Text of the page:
The sections highlighted reveal the misleading nature of the AWINZ “Deed of Trust and Revocation” registered on the Charities website.
AWINZ has never been an incorporated entity and therefore as such it cannot be dissolved by the Registrar under any Act. Mr Wells would probably argue that the word “OR” in the first sentence of section 17 allows for the Trust’s dissolution by the Registrar in case the Trustees ever went ahead and incorporated AWINZ at some future date. But a Trust Deed must reflect the true nature of the entity at the time its Trust Deed is duly executed and not allow Trustees to engage in obfuscation.
Only the Trustees are able to wind up an unincorporated Trust and it is a relatively simple matter to do so, provided that a majority of the Trustees are in agreement and follow the procedures set out in the Trust Deed relating to winding up the entity. It is also a relatively simple mater to incorporate such a Trust, rather than wind it up, if the Trustees are in majority agreement on this matter.
It is an exercise in obfuscation to note in the Deed of Trust that on the winding up of the AWINZ Trust it would have to have its assets disposed of in the manner outlined in section 17 – “pursuant to section 27 of the Charitable Trusts Act 1957“; given that the Trustees have never applied to incorporate it under this Act or any other Act.
The 5 December 2005 “Deed of Trust and Revocation” is also deliberately misleading with respect to the “interpretation” (section 18) of its “charitable purpose”, when it states:
“Charitable purpose” means and includes that term as defined by the Charitable Trusts Act 1957…”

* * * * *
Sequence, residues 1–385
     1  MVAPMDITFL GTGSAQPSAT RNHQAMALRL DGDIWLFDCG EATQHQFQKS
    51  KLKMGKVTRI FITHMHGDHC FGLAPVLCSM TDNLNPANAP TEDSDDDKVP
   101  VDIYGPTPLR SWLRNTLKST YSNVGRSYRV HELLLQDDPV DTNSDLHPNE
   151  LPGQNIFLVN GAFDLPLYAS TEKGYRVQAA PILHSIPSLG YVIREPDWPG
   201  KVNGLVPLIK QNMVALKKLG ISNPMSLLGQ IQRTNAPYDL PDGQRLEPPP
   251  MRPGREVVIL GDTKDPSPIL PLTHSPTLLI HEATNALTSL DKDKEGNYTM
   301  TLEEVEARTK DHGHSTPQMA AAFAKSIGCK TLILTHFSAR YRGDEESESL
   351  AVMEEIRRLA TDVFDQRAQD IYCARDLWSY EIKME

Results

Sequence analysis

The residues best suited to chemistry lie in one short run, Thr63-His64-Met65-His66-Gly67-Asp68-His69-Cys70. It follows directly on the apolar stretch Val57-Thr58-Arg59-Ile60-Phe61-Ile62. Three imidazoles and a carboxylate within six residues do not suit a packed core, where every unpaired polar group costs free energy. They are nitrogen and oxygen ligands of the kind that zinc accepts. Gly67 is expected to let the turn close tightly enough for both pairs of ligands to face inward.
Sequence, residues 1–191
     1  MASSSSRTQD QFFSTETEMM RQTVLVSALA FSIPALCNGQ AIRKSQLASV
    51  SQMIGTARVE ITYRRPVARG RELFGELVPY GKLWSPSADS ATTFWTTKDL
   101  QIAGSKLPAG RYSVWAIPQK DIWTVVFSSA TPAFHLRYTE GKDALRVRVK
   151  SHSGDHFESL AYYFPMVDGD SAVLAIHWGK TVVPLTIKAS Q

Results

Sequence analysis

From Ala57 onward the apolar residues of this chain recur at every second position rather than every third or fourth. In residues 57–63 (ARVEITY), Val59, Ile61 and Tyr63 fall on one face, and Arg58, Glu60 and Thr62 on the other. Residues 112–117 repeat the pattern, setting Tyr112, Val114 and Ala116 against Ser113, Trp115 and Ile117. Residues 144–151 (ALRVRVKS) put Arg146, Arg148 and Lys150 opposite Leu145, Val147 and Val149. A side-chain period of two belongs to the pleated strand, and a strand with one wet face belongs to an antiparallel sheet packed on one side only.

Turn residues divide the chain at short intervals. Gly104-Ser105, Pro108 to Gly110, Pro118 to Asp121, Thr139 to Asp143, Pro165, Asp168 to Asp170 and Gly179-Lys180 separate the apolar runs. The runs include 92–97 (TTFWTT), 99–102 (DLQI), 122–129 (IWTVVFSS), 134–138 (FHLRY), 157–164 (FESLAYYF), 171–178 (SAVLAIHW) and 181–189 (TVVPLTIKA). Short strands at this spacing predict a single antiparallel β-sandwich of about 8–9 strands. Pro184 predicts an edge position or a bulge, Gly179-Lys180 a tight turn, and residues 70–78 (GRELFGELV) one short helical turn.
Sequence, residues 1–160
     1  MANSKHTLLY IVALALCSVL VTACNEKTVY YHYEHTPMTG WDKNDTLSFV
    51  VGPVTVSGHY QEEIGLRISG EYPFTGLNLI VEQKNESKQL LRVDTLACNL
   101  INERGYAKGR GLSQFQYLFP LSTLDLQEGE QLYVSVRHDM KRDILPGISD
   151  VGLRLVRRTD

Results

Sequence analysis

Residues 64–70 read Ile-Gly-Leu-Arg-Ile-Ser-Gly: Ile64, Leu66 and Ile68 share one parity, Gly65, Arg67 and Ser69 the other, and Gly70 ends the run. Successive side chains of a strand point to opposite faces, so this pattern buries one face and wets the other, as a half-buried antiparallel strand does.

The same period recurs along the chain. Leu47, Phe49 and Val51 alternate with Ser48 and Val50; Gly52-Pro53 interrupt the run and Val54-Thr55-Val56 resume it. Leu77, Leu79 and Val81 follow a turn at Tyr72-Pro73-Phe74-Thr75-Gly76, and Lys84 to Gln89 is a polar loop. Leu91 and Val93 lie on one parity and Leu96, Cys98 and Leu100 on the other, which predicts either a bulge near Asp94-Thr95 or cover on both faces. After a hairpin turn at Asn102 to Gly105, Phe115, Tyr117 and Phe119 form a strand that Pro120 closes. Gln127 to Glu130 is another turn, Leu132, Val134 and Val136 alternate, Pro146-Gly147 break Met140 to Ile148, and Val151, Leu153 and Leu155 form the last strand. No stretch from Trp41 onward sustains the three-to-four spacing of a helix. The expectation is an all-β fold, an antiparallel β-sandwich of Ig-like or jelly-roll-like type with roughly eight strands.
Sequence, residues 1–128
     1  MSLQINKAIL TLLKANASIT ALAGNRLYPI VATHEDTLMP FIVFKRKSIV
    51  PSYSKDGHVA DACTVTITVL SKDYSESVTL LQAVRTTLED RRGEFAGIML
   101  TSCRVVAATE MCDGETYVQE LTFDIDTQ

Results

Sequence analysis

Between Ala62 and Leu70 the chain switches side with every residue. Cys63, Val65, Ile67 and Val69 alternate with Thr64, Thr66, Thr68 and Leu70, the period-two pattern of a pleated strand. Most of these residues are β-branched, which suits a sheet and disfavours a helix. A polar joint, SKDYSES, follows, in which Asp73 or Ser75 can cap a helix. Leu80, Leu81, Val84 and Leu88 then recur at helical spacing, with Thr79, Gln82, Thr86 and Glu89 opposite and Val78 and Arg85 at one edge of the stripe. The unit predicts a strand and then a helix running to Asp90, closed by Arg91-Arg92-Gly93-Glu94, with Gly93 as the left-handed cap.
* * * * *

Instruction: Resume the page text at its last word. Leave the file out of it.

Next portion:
AWINZ has never been incorporated under this Act, so it is misleading to suggest that its purposes as defined in its “Deed of Trust and Revocation” qualify as “charitable” purposes under this Act. Such a claim is mere assertion, unsupported by any factual evidence.
AWINZ has never been tested against the Charitable objectives assessed in gaining incorporation under the Charitable Trusts Act 1957.
AWINZ was a business, it was always meant to be a business and the territorial animal welfare authority business plan it/Neil Wells submitted to Waitakere City Council, MAF and other officials in 1996 proves this as the format which the approved organisation AWINZ adopted and that this was a business venture as opposed to a charitable venture.
There is no evidence that the AWINZ trust has done anything of a charitable nature and they have never had the ability to pay for the legal proceedings that they have been party to in recent years. They have used the charitable dollar to derive an income for themselves from the ‘spoils of war of litigation’ (see below).
The AWINZ Deed of Trust (5/12/06) states under section 5 (“Powers”):
“… the powers that the Board may exercise in order to carry out its charitable objects are as follows:
…… (a) To incorporate as a Trust Board under the provisions of the Charitable Trust Act 1957….”